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News and updates from the statewide UC Master Gardener Program office.
poppies
Comments:
by Marti Rutherford
on June 18, 2015 at 5:08 PM
Support the immature forms of the pollinators too. Plant natives that provide larval food for the butterflies that you want. Welcome the holes that the caterpillars make in your plants. Many insects are specialists. You might need to do a little research to include those plants in your pollinator garden.
by Cathy Konyn
on July 2, 2015 at 7:48 AM
Thank you for such an informative article. And just in time for the Million Pollinator Garden project sponsored by National Pollinator Garden Network.
by Eleu Navarro
on July 15, 2015 at 10:45 PM
Thank you for publishing this article, what a great resource. I used it as an outline to illustrate the importance of habitat to my edible garden students.
by Eleu Navarro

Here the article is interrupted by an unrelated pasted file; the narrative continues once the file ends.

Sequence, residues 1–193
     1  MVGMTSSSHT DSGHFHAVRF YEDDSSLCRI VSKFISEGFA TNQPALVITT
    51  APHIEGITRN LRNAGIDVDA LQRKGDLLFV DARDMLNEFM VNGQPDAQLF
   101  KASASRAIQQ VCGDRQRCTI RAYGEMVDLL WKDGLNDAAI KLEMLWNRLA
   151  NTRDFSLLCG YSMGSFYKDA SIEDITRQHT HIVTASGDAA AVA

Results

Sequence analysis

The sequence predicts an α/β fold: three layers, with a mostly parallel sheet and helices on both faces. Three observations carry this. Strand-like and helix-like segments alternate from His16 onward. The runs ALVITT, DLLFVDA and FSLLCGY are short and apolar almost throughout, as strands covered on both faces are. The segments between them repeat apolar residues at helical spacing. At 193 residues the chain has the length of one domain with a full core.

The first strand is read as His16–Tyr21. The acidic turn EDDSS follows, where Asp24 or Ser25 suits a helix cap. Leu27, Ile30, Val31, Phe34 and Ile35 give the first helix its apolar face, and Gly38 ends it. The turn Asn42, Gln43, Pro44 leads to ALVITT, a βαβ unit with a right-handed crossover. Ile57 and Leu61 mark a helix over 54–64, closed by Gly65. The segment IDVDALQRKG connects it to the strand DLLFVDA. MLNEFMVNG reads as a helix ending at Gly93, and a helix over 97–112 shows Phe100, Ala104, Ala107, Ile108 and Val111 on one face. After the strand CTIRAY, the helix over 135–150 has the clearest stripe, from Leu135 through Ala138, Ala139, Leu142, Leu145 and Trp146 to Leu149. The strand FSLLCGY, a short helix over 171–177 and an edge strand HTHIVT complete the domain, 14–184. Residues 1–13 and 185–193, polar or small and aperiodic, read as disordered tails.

on July 15, 2015 at 10:46 PM
Thank you for publishing this article, what a great resource. I used it as an outline to illustrate the importance of habitat to my edible garden students.
by Jeff Dal Cerro
on October 13, 2016 at 7:14 PM
Marcy, thanks for this great resource which I used to help prepare for a public workshop on pollinator-friendly garden design.
by David Tuttle
on July 23, 2018 at 7:04 AM
Bats are the saver in every term! there are over 1,100 different species of bats that consume huge amounts of insects, including mosquitoes. Some bats can consume as much as 1,000 insects in an hour. Certain other bats also pollinate plants, which is another crucial part of our ecosystem cycle. Even bat droppings, also called guano, is used as a natural fertilizer. Guano works every bit as good as cow patties for fertilizer. https://www.austinbats.org
 
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